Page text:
2. The apparatus of claim 1, wherein the perceived front-to-back reversals comprise a perceived virtual location of a source of a sound incorrectly reversing from in front of the listener to in back of the listener.
3. The apparatus of claim 1, wherein said signal portion is operable to provide the audio signals as binaural audio signals.
4. The apparatus of claim 1, wherein said wearing portion comprises an eyeglass frame.
5. The apparatus of claim 1, wherein said wearing portion is constructed to be mounted in a helmet.
6. The apparatus of claim 1, further comprising an amplifier operable to amplify the spatially filtered audio signals such that a portion of the sound reproduced by each speaker of said speakers is sufficiently loud to be heard by only one ear of the person.
7. A method of producing spatialized audio signals, said method comprising:
providing audio signals corresponding to a sound to be reproduced and a virtual location of a source of the sound to be reproduced;
providing tracking signals corresponding to the orientation and location of the head of a person;
spatially filtering the audio signals, based on the tracking signals, to provide spatially filtered audio signals; and
reproducing, via speakers, the sound based on the spatially filtered audio signals such that the person hears the sound and perceives a maintained virtual location of the source of the sound,
wherein said reproducing comprises reproducing via speakers that are disposed at a position which augments the sound reproduced by the speakers such that perceived front-to-back reversals in the maintained virtual location of the source of the sound are reduced.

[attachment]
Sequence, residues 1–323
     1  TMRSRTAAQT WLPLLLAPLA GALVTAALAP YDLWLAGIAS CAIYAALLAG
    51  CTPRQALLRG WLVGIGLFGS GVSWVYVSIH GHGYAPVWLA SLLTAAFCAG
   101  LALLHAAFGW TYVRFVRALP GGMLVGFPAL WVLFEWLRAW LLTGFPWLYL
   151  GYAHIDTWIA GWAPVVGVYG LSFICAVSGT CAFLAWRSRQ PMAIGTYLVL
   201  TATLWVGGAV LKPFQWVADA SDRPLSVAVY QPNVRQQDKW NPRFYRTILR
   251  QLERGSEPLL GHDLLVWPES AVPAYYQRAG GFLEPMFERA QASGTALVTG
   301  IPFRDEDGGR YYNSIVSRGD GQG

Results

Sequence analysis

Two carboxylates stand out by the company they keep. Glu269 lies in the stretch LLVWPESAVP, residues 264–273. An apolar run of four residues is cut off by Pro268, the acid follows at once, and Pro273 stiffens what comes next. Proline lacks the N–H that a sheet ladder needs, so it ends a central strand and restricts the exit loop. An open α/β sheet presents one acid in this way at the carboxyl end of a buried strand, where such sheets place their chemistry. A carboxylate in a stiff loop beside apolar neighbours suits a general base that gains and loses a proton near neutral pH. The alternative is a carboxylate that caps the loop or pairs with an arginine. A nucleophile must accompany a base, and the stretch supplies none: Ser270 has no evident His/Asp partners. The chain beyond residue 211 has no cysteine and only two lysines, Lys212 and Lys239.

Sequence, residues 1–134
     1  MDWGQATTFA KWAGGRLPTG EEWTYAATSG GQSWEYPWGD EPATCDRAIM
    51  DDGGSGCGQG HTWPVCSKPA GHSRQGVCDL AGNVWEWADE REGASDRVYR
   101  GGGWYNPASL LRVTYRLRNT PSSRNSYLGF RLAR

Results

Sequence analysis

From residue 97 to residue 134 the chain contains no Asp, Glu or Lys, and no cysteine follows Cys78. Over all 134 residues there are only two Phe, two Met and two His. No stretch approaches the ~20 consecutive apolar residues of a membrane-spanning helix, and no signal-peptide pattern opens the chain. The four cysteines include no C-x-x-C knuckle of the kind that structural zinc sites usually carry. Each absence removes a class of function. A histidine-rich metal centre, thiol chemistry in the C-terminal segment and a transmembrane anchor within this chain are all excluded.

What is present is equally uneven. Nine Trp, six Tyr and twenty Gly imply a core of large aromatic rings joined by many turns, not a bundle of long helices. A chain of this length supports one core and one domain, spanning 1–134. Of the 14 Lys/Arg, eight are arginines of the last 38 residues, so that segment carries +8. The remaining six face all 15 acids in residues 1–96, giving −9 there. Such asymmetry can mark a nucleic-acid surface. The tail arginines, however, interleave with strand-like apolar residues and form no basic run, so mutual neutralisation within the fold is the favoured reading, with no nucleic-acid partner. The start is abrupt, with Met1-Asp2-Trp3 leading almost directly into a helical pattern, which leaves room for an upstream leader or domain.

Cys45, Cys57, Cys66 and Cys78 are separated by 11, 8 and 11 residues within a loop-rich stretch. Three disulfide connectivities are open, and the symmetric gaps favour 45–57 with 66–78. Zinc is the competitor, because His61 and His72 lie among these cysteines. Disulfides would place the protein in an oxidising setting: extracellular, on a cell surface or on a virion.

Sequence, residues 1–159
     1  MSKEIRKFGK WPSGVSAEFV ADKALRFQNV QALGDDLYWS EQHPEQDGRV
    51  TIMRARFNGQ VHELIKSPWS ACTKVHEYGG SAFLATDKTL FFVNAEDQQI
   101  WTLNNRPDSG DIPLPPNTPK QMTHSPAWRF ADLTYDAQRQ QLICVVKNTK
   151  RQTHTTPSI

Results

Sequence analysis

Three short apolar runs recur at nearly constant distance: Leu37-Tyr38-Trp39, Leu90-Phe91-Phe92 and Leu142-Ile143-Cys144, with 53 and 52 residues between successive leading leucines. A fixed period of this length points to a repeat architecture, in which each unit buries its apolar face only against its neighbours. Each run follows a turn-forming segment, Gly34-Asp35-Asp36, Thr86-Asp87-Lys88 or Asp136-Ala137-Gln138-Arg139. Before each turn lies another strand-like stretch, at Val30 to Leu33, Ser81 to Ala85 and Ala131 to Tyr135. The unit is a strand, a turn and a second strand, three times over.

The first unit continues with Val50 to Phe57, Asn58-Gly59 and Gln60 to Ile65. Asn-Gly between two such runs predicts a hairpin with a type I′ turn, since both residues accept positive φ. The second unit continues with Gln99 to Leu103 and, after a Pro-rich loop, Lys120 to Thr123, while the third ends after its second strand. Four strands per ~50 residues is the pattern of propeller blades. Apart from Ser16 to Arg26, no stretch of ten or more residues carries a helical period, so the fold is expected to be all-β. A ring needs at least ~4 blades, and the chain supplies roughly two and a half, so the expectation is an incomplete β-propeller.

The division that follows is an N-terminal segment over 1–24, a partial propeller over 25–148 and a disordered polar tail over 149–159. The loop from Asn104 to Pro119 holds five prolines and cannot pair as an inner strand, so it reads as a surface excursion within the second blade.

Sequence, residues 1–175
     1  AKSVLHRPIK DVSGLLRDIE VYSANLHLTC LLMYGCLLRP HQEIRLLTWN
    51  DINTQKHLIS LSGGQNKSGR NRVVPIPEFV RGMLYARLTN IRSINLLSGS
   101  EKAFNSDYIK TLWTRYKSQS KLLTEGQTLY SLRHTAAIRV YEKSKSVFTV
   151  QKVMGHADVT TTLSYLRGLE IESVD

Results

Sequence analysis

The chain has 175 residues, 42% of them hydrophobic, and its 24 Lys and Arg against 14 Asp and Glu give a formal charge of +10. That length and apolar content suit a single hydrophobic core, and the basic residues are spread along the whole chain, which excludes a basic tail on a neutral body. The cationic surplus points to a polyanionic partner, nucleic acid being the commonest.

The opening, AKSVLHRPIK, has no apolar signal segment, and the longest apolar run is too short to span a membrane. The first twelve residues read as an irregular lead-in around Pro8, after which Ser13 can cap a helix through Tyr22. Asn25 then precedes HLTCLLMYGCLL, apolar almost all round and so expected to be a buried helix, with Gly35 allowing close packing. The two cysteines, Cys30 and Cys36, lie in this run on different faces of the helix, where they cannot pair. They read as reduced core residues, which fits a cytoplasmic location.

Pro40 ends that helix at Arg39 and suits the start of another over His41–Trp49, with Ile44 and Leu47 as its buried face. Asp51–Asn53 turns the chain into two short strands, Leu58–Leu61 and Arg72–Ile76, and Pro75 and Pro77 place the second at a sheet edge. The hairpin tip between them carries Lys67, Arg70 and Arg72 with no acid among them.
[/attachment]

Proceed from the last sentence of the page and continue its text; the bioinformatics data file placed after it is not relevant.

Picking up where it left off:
8. The method of claim 7, wherein said providing audio signals comprises providing binaural audio signals.
9. An apparatus comprising:
a signal means for providing audio signals corresponding to a sound to be reproduced and a virtual location of a source of the sound to be reproduced;
a wearing portion to be worn by a person;
a tracking means for providing tracking signals corresponding to an orientation and location of the head of the person;
a head related transfer function (HRTF) filter; and
speakers mounted on said wearing portion,
wherein said HRTF filter is operable to spatially filter the audio signals, based on the tracking signals, and thereby provide spatially filtered audio signals,
wherein said speakers are operable to reproduce the sound based on the spatially filtered audio signals such that the person hears the sound and perceives a maintained virtual location of the source of the sound, and
wherein said speakers are mounted on said wearing portion at a position which augments the sound reproduced by said speakers such that perceived front-to-back reversals in the maintained virtual location of the source of the sound are reduced.